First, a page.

No parent is given an instruction manual for raising kids. We all just hold on, do the best we can with the tools we have.
Some of us are better at reading cues and rerouting our efforts than others, but even the best intentions leave me reflecting on how I missed the mark so many times. My children, now adults with families of their own, turned out healthy, happy and pretty well adjusted to this world. As I have continued my own personal development and professional growth, I can see today how many opportunities I missed, how much energy I wasted and why I am a better grandparent than I ever was a parent. Consider the following tips so you can avoid missing the mark.
Learn the difference between protest and disrespect. Protest is a communication of feeling about a particular request, practice or event. Disrespect is when those feelings result in making it personal. Let me give you an example.
Child: “I don’t want to do my homework.”
This is protest and you could probably identify with the feeling of not wanting to do something from time to time. Many times, our children protest, and adults get “triggered” into a power struggle and respond with
Parent: “I don’t care, do it anyway.”
Child: “You’re mean” or “You can’t make me.”
Notice how quickly the interaction shifted from protest to disrespect … on both parts? Empathy and understanding will gain cooperation on most tasks much quicker and will prioritize your relationship with the child over the task and mindless compliance.
Prioritize relationships over consequences. Regardless of how children come into your life, at what age or for how long, all discipline techniques will fail without a strong loving relationship. From the moment you meet a child your priority should be to learn about them, their thoughts, feelings, interests, etc., and in turn they will learn about you.
When this happens during infancy, that relationship is built through responding to the infant’s cry in such a way that makes them feel relaxed, soothed and comfortable. As children get older, they start to develop traits that are unique to them, such as liking touch or not liking touch, being compliant or stubborn, being active or passive and again, it is an adult’s intervention that shapes future responses.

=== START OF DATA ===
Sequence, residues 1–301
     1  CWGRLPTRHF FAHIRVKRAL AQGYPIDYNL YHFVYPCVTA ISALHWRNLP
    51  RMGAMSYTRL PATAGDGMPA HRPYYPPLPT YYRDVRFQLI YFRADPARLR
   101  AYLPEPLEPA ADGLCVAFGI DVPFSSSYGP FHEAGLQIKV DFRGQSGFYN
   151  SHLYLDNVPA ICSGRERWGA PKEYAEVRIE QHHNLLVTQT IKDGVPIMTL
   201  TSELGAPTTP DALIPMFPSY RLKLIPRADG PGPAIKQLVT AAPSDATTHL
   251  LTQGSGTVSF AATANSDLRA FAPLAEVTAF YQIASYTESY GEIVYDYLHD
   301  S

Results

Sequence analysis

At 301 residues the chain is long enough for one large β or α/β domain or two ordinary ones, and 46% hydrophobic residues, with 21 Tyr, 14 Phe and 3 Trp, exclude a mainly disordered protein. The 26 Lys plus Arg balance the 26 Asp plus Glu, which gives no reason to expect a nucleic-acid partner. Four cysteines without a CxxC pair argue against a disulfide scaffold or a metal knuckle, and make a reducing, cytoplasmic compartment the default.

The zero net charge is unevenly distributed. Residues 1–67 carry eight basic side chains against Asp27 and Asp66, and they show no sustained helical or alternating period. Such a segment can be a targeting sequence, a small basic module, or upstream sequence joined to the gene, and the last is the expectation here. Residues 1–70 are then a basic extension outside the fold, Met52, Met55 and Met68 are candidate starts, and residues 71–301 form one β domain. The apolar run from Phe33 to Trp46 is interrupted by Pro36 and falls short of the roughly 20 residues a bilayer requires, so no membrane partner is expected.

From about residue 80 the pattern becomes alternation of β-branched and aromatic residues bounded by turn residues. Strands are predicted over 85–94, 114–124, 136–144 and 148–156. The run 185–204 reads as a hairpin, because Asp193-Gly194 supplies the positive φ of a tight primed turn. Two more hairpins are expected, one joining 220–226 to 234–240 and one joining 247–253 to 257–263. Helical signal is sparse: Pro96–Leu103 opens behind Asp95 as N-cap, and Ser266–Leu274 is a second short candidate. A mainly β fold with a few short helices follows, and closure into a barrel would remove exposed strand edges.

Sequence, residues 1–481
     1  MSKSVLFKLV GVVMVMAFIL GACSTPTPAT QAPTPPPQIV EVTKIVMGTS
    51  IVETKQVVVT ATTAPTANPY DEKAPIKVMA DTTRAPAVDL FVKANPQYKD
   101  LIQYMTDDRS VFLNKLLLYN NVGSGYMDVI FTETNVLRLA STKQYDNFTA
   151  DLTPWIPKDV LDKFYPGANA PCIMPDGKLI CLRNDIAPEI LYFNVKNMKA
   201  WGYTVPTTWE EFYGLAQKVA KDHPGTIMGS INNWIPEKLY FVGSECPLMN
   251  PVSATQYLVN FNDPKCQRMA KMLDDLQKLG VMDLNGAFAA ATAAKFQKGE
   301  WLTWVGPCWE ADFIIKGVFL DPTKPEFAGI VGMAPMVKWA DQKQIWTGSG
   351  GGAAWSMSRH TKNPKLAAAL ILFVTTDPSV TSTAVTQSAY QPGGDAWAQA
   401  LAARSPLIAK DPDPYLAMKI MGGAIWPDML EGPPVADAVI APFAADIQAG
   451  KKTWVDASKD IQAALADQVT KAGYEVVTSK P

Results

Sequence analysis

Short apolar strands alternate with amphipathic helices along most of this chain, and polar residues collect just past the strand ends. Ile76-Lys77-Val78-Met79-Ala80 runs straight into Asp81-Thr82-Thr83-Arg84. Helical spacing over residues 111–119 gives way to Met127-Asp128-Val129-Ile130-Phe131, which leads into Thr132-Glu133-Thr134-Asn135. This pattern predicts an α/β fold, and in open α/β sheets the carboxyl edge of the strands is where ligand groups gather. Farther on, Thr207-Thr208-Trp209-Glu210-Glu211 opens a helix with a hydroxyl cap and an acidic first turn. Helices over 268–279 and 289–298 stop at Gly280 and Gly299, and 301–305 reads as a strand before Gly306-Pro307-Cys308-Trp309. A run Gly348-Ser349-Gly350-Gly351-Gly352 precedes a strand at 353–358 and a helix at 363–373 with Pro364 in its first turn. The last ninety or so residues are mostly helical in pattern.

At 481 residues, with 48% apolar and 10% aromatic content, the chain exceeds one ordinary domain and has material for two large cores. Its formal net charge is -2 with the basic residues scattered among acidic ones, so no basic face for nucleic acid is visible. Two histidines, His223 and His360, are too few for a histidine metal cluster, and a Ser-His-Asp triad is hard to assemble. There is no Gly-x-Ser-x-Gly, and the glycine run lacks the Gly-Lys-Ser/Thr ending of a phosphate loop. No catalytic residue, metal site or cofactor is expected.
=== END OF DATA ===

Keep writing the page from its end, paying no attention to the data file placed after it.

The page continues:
When children exhibit undesirable behaviors, it is also the adult’s response that is going to shape what kind of learning occurs. Stern, firm compliance-based expectations will likely not achieve the results you desire. Whereas, discipling from a point of “I know and care about this child, who made a poor decision and I want them to learn without feeling shame” will be far more successful.
There were moments when I didn’t care, in my own frustration, if any learning occurred at all. There were times the consequences I thought up had very little to do with the child learning and more about my poor emotional regulation. No discipline will be helpful when the adult’s emotions are out of control and no learning will occur, but the relationship will be damaged. Children are very intelligent beings — they do not need immediate consequences for learning to occur. Here is the formula I use today:
- Initial response should be empathy. “I am sorry that didn’t work out how you thought it would.” “It must be hard when you feel targeted by others.”
- Engage in conversation about the issue in a non-judgmental way. Be a good asker of questions to spur the conversation – DON’T FORGET TO LISTEN to the response.
- Typically, a learning opportunity presents itself in the conversation, if not ask the child how are they going to “make it right”? Always allow natural consequences to do the work for you if possible.
- Praise them for their cooperation, remind them how special they are to you, normalize making mistakes and emphasize learning.
Don’t ever give up! Giving up can look many ways. It can be having a child removed from your care, cutting ties with a child after a breakup or simply “checking out” when you’re feeling overwhelmed. Every child needs to know, without a doubt, that if they are willing to trust you with their heart you will be there for as long as they need you.
Tonya Bauman is the training and recruiting specialist for Building Blocks Foster Care. She earned a bachelor’s degree in biology and secondary education from South Dakota State University in Brookings. She holds certifications in several areas of psychology, therapy, trauma and parenting. “I’m a parent … what now?” is a monthly column from the Grand Island Association for Child Abuse Prevention, which represents many child-serving agencies in the community. If you need help dealing with parenting issues, call the Nebraska Family Helpline, “Any Problem. Any Time,” at (888) 866-8660.